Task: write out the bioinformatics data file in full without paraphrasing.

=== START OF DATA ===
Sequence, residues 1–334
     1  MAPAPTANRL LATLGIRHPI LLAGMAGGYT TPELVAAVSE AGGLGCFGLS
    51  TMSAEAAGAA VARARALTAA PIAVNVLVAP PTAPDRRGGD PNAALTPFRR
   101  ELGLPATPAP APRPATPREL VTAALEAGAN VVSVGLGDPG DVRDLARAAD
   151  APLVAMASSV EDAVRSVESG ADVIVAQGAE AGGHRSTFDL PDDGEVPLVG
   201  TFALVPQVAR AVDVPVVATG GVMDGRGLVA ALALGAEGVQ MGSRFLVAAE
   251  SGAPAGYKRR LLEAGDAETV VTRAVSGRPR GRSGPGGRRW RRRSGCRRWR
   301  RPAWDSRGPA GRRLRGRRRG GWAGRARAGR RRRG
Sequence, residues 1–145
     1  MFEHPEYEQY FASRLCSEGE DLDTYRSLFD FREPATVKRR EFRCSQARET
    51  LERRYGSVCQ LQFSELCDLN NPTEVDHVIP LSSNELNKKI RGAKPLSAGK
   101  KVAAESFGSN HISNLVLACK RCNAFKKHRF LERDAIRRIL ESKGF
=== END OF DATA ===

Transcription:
Sequence, residues 1–334
     1  MAPAPTANRL LATLGIRHPI LLAGMAGGYT TPELVAAVSE AGGLGCFGLS
    51  TMSAEAAGAA VARARALTAA PIAVNVLVAP PTAPDRRGGD PNAALTPFRR
   101  ELGLPATPAP APRPATPREL VTAALEAGAN VVSVGLGDPG DVRDLARAAD
   151  APLVAMASSV EDAVRSVESG ADVIVAQGAE AGGHRSTFDL PDDGEVPLVG
   201  TFALVPQVAR AVDVPVVATG GVMDGRGLVA ALALGAEGVQ MGSRFLVAAE
   251  SGAPAGYKRR LLEAGDAETV VTRAVSGRPR GRSGPGGRRW RRRSGCRRWR
   301  RPAWDSRGPA GRRLRGRRRG GWAGRARAGR RRRG
Sequence, residues 1–145
     1  MFEHPEYEQY FASRLCSEGE DLDTYRSLFD FREPATVKRR EFRCSQARET
    51  LERRYGSVCQ LQFSELCDLN NPTEVDHVIP LSSNELNKKI RGAKPLSAGK
   101  KVAAESFGSN HISNLVLACK RCNAFKKHRF LERDAIRRIL ESKGF